On January 1, 2019, parts of the South Carolina Insurance Data Security Act (SCIDSA) became effective. Over the next 17 months, other key parts of the SCIDSA will be phased in until the act is fully in effect on July1, 2020.
Let’s review who the SCIDSA applies to and what requirements are active now and when the other requirements will be phased in.
One of the amazing questions I received this week was about layered security. “What does that look like Micheal?” This week I’ll break down common ways for small businesses to implement multiple levels of security into their business networks to stop the cyber bad guys.
A HIPAA compliance program looks different from one organization to the next, depending on their specific needs. Although varied, each program goes through a similar cycle that I will outline in this week’s blog. Keep in mind, the cycle typically repeats on a yearly schedule as mandated by HIPAA.
The assumed answer is HIPAA. To clarify, HIPAA is an act and not a governing body of any sort. HIPAA’s rules and regulations are enforced by the U.S. Department of Health & Human Services (HHS) and their Office for Civil Rights (OCR). Besides Attorney Generals, other entities cannot enforce HIPAA, it acts as a standard for the healthcare industry and is used as a measuring stick for due diligence.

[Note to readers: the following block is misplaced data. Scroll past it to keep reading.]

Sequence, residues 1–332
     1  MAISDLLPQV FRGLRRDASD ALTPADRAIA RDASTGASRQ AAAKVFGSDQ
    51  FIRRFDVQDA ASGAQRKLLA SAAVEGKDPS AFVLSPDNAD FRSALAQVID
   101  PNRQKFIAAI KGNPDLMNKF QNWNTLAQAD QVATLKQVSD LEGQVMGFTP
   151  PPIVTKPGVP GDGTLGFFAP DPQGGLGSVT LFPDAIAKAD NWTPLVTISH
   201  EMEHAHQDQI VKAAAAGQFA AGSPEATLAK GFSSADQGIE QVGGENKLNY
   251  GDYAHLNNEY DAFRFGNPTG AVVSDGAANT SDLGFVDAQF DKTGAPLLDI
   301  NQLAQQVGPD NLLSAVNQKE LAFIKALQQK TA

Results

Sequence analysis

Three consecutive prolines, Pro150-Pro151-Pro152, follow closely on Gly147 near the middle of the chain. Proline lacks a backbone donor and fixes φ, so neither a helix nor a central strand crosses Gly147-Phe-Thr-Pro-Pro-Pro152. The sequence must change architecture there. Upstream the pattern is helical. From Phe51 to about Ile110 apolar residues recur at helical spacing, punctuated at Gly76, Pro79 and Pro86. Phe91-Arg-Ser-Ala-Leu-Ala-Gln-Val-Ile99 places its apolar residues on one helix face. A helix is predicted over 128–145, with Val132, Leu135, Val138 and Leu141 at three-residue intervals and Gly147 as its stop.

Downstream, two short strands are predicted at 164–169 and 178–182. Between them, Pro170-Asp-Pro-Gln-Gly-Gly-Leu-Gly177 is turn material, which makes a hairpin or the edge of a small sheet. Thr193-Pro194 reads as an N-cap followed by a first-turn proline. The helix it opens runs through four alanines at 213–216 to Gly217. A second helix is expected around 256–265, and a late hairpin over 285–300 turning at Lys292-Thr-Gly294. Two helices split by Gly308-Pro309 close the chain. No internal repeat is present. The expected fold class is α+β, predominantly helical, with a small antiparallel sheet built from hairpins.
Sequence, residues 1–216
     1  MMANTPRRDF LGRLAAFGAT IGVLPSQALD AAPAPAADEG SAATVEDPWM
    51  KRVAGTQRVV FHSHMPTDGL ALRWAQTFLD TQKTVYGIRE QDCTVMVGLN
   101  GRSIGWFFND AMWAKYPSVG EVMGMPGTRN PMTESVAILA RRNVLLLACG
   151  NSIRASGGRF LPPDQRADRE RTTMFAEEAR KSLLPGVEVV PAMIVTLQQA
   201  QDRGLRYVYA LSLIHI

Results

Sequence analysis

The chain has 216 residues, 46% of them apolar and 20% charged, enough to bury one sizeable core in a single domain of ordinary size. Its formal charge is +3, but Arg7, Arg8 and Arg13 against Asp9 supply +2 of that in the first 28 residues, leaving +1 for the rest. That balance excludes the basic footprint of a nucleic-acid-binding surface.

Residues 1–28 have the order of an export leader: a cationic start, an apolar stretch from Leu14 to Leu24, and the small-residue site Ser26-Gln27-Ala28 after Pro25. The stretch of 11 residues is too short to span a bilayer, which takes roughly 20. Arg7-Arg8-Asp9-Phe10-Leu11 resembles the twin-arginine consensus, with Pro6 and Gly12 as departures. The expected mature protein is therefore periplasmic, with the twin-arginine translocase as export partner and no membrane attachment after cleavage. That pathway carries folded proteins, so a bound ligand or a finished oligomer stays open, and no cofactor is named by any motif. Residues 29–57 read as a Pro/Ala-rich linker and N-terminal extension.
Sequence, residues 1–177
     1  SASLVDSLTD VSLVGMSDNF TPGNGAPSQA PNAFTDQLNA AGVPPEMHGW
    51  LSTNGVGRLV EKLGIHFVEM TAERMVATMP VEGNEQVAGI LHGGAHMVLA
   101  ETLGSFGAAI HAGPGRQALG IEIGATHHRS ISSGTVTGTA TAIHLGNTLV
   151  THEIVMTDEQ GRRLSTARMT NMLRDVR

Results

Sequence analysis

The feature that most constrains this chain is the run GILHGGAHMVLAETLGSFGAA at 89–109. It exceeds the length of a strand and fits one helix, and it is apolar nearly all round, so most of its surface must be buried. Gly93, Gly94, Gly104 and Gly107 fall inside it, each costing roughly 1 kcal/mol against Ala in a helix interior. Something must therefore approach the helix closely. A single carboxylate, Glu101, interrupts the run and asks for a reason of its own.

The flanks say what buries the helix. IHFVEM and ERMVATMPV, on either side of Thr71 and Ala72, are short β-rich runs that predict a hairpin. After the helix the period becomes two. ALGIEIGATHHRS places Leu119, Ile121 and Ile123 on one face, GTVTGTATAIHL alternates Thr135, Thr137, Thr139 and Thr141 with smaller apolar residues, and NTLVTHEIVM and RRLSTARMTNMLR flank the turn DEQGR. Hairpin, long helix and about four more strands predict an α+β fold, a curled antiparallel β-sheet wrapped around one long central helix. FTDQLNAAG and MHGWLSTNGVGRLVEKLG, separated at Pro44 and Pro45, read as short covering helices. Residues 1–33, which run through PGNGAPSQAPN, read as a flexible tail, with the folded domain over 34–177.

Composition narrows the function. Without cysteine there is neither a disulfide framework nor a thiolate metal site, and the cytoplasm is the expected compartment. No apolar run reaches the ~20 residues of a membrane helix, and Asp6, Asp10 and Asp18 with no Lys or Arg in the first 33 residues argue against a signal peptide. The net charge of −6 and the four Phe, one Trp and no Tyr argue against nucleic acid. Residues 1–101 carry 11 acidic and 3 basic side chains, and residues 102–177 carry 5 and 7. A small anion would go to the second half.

Today, the South Carolina Department of Insurance released Bulletin 2018-09 Cybersecurity Event Reporting Form. Why should you read it? This bulletin focuses on how the Department of Insurance defines a reportable cybersecurity event and the notification procedures. The three main take aways from the bulletin are:
Follow this link to view the latest bulletin from the DOI. For your convenience we have attached both the bulletin and the updated event report form below. You may also want to review previous blogs about the IDSA and how you too can sign up for IDSA update notices from the DOI.
If you have any questions on SC Insurance Data Security Act compliance, Call Tandem Cyber Solutions today!